Light therapy is one of the effective treatments used for seasonal affective disorder (SAD), a type of depression related to changes in seasons.
A group of scientists from the University of Friborg used mouse models to investigate how light therapy affects mood.
Light therapy triggered the PER1 gene (circadian clock gene) in mice and showed an antidepressant effect.
What Is Seasonal Affective Disorder (SAD)?
SAD is a kind of depression that is triggered by a change in seasons. It happens around the same time every year and typically gets worse in the winter. Symptoms can last for approximately 40% of the year.
SAD is known to affect 11 million people in the U.S. every year.
Some symptoms of SAD are:
- Feeling less energetic
- Having an increased appetite
- Having thoughts of suicide
- Feeling sad and hopeless
- Feeling restless
Light Therapy For Depression
Light therapy is also called phototherapy. It is a treatment in which a person is exposed to an artificial light source of a specific wavelength. It is used to treat SAD, other types of depression, as well as sleep disorders.
Light therapy or phototherapy is a treatment in which a person is exposed to an artificial light source of a specific wavelength.
Light therapy is used to compensate for the lack of exposure to sunlight. The light seems to trigger the release of the feel-good hormone serotonin, which helps improve mood.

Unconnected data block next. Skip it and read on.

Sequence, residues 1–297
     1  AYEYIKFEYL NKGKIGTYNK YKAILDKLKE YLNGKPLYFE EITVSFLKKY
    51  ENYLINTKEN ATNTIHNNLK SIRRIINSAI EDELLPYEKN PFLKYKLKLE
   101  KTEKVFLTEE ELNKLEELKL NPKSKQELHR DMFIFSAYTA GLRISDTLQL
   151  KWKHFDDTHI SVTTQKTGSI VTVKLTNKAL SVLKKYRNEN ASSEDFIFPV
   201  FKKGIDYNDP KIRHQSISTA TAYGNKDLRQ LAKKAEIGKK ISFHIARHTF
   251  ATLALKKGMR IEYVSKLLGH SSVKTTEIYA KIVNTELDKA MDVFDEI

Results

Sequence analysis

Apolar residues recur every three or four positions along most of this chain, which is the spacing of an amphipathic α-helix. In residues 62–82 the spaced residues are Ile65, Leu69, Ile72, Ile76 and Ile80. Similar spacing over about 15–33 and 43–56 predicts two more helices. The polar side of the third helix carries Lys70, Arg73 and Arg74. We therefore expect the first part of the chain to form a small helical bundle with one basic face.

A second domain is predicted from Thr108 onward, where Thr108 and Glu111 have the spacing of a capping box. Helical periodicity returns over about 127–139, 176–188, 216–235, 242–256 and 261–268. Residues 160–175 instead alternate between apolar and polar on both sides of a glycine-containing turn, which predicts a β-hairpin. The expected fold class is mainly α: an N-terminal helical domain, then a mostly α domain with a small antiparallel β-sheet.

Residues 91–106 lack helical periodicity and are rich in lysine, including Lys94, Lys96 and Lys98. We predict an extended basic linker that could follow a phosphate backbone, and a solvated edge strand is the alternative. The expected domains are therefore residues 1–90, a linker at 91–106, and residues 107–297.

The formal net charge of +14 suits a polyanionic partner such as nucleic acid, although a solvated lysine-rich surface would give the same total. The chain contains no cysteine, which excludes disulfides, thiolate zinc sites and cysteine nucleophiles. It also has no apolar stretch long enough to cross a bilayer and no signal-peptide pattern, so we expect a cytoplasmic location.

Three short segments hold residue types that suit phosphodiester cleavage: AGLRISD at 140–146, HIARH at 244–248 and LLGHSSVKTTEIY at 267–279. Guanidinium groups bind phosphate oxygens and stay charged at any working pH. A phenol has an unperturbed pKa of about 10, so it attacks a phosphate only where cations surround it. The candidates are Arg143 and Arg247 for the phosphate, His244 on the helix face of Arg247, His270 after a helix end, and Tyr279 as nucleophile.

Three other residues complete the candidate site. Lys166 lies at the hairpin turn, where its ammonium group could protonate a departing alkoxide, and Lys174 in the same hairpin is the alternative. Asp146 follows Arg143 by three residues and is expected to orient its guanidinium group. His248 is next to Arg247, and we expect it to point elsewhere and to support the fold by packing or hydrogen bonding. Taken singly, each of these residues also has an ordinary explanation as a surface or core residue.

Research suggests that light therapy in the night activates the CLOCK gene PER1, which appears to improve symptoms of depression.
What Is The PER1 Gene?
PER1 gene or Period 1 gene or circadian clock gene responsible for sleep-wake cycles and mood swings. The PER1 gene is found in the suprachiasmatic nucleus (SCN). The SCN is located in the hypothalamus of the brain and is the central pacemaker of the circadian timing system.
The PER1 gene is light-sensitive. Upon exposure to light, it switches the body to awake and alert mode with elevated energy levels.
Resetting Circadian Rhythm Could Help Treat SAD
Researchers exposed mice to a pulse of light at different points during the night and then tested them for depressive behavior. They found that light exposure at the end of the dark periods (2 hours before daytime) had an antidepressant effect on the mice.
The pulse of light, activated the PER1 gene in a region of the brain called lateral habenula, which plays a role in the mood. It also resulted in the resetting of the circadian rhythm. This caused a spike in energy levels, which in turn, brought about antidepressant effects.
Image: PER1 gene expression before (left) and after (right) 15-minute light therapy
Light therapy at other times did not seem to have any effect. When the PER1 gene was deleted, the mice did not experience the antidepressant effect of light therapy.
Mice responding to light therapy during the early hours before daytime is similar to findings in humans - patients with SAD responded better to light therapy in the early morning than in the evening.
However, since mice are nocturnal creatures, scientists caution against making too many direct comparisons to humans.
- Light therapy is a common treatment used for seasonal affective disorder (SAD).
- Researchers found light therapy in mice showed an antidepressant effect by triggering the PER1 gene (circadian clock gene) during the dark time.
- When activated by light, the PER1 gene switches the body to alert and awake mode, thereby boosting energy levels and alleviating depression symptoms.
- Light therapy appears to work better in the early morning than in the evening to awaken the moods.
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